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East 14th

Looped

Valerie Harper gives a tour-de-force performance as Tallulah Bankhead in Matthew Lombardo's sardonic two-hander.

By Los Angeles
Chad Allen and Valerie Harper in Looped
(© Craig Schwartz)
Chad Allen and Valerie Harper in Looped
(© Craig Schwartz)
Tallulah Bankhead, that grande dame of theater and crassness, has been resurrected in Looped, Matthew Lombardo's sardonic comedy bowing at the Pasadena Playhouse and featuring a tour-de-force turn by Valerie Harper as the legendary actress.

The work is set in 1965, when Bankhead has long descended into the has-been territory of z-grade films such as Die! Die! My Darling!, another in a long line of 1960s rip-offs of Whatever Happened to Baby Jane. That film has just finished shooting, and one line had been ruined by Tallulah's drunken antics. While dubbing this line should take just five minutes, the looping session instead lasts eight endless hours as a harried studio representative (Chad Allen) must battle with the star's flagrant insults, combat her alcoholism and constant snorts of cocaine, and steer clear of her continuous needling into his private affairs.

Director Rob Ruggiero smartly turns this two-person comedy into a sparring match, even if Bankhead gets most of the zingers. When delusions cloud Bankhead's mind, Ruggiero visually matches her consternation with a brilliant set alteration (thanks to designer Adrian W Jones) where the drab studio suddenly melds into the saucy streets of New Orleans from A Streetcar Named Desire. (Bankhead turned down the role of Blanche DuBois although Tennessee Williams reportedly wrote the role for her.)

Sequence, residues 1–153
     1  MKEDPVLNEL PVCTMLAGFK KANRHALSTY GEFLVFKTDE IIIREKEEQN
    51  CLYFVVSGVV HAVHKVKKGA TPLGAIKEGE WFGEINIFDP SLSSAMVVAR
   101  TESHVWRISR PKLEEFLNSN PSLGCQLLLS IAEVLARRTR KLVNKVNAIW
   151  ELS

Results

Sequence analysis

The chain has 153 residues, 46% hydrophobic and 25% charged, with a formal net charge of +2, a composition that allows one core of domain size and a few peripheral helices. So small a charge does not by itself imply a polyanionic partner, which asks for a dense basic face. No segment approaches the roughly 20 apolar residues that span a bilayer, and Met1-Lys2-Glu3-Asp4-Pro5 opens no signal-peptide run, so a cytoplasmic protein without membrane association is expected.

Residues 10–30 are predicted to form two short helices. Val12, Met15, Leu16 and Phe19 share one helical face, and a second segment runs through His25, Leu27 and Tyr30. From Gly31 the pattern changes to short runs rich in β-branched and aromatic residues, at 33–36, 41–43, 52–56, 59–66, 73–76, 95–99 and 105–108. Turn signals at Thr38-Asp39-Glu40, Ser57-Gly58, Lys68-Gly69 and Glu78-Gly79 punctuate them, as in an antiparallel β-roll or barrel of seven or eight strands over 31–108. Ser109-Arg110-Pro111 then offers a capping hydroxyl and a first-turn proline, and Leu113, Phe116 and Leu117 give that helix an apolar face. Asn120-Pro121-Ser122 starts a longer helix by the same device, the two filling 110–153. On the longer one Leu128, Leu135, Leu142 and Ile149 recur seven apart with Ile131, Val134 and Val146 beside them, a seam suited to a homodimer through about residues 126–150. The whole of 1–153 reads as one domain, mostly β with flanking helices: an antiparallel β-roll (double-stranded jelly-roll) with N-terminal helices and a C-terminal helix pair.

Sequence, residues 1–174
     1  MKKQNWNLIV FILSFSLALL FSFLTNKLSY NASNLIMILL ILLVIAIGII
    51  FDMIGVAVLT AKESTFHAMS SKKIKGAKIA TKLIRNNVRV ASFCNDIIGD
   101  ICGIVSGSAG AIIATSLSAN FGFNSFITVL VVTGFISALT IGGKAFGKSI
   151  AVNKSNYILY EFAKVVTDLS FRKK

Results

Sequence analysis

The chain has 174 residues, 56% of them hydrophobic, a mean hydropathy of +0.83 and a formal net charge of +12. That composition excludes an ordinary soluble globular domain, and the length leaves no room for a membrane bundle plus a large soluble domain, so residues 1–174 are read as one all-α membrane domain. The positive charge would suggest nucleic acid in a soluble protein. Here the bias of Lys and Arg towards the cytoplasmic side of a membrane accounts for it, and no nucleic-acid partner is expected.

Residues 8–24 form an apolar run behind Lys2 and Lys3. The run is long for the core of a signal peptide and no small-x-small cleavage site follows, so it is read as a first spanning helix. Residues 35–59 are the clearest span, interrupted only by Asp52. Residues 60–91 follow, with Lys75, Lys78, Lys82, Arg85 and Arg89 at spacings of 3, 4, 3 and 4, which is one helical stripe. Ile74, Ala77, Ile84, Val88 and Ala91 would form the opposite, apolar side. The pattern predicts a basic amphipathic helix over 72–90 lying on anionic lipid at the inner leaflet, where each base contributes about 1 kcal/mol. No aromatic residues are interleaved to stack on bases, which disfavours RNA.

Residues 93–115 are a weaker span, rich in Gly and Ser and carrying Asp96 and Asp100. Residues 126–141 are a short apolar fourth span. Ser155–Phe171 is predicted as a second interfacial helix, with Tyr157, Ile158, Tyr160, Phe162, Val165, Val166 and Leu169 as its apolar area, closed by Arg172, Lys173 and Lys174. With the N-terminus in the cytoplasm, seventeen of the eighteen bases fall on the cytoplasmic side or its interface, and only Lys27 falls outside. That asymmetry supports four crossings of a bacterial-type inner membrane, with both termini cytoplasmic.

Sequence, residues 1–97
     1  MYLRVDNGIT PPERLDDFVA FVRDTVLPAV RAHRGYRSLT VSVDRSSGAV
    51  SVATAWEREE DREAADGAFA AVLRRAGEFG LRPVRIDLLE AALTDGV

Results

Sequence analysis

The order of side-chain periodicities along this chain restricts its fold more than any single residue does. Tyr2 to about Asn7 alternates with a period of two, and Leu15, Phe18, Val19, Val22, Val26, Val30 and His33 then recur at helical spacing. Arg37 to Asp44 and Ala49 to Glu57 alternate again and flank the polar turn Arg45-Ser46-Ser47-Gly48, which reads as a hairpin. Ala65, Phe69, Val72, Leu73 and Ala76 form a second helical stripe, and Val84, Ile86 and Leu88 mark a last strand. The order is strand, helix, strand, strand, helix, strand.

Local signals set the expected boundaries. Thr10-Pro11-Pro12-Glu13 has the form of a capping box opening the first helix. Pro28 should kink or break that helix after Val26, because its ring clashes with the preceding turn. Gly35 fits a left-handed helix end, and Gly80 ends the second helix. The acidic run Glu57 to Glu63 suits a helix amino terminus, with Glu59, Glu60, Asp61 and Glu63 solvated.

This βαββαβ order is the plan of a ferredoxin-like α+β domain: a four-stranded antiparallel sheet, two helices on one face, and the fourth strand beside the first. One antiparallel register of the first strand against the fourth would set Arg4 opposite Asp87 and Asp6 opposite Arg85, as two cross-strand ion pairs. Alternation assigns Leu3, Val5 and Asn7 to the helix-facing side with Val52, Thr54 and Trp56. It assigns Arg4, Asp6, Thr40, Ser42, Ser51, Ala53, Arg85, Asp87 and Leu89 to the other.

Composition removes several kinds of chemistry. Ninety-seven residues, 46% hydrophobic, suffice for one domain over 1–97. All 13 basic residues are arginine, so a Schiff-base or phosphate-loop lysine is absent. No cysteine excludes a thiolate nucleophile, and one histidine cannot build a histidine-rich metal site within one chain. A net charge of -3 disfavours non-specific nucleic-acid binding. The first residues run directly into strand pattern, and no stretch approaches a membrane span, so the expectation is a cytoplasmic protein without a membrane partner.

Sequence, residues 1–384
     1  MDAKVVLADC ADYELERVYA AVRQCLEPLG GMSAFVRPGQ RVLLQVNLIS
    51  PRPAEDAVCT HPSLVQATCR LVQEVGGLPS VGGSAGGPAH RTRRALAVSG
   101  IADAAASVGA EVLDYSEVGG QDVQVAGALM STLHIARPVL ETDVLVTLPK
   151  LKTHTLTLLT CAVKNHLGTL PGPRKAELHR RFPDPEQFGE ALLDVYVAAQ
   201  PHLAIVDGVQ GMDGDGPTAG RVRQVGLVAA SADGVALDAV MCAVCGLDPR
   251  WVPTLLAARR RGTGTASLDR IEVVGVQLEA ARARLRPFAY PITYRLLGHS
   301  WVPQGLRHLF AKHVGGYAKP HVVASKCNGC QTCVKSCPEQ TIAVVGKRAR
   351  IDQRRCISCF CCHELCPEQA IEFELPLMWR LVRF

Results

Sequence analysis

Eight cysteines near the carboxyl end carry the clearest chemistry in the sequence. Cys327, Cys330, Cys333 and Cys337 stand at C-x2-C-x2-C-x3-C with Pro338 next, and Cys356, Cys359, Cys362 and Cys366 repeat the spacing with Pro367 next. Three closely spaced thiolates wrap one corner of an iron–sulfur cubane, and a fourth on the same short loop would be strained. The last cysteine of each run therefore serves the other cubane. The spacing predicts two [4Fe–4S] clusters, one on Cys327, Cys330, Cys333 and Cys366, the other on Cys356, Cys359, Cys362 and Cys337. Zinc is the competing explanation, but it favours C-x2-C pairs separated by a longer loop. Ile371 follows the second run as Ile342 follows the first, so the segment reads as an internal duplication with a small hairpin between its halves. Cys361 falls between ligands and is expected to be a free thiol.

Moreover, while Lombardo steals many quotable lines from Bankhead's own salty lips, such as "Cocaine isn't habit forming. I should know; I've been using it for years," he also focuses on the pain behind the saucy dialogue.

Harper is exquisite at capturing both the brazen attitude of a rebel as well as the unbearable sadness of a woman at the end of her days who has accomplished only one-eighth of her potential. Although she wanders onto the stage smashed and scattershot, slurring her lines and grabbing at a drink as a baby would a pacifier, this is not a standard drunkard impersonation. Harper digs deep into the role, finding the essence of this troubled woman, and never begging for applause or pity.

Allen's work is far less satisfying. He doesn't know what to do with his hands, and his voice sounds petulant when wound up and exactly the same when he finally unleashes his wrath. Perhaps, it's simply not easy to stand next to such a force of nature, something Bankhead's co-stars learned the hard way.


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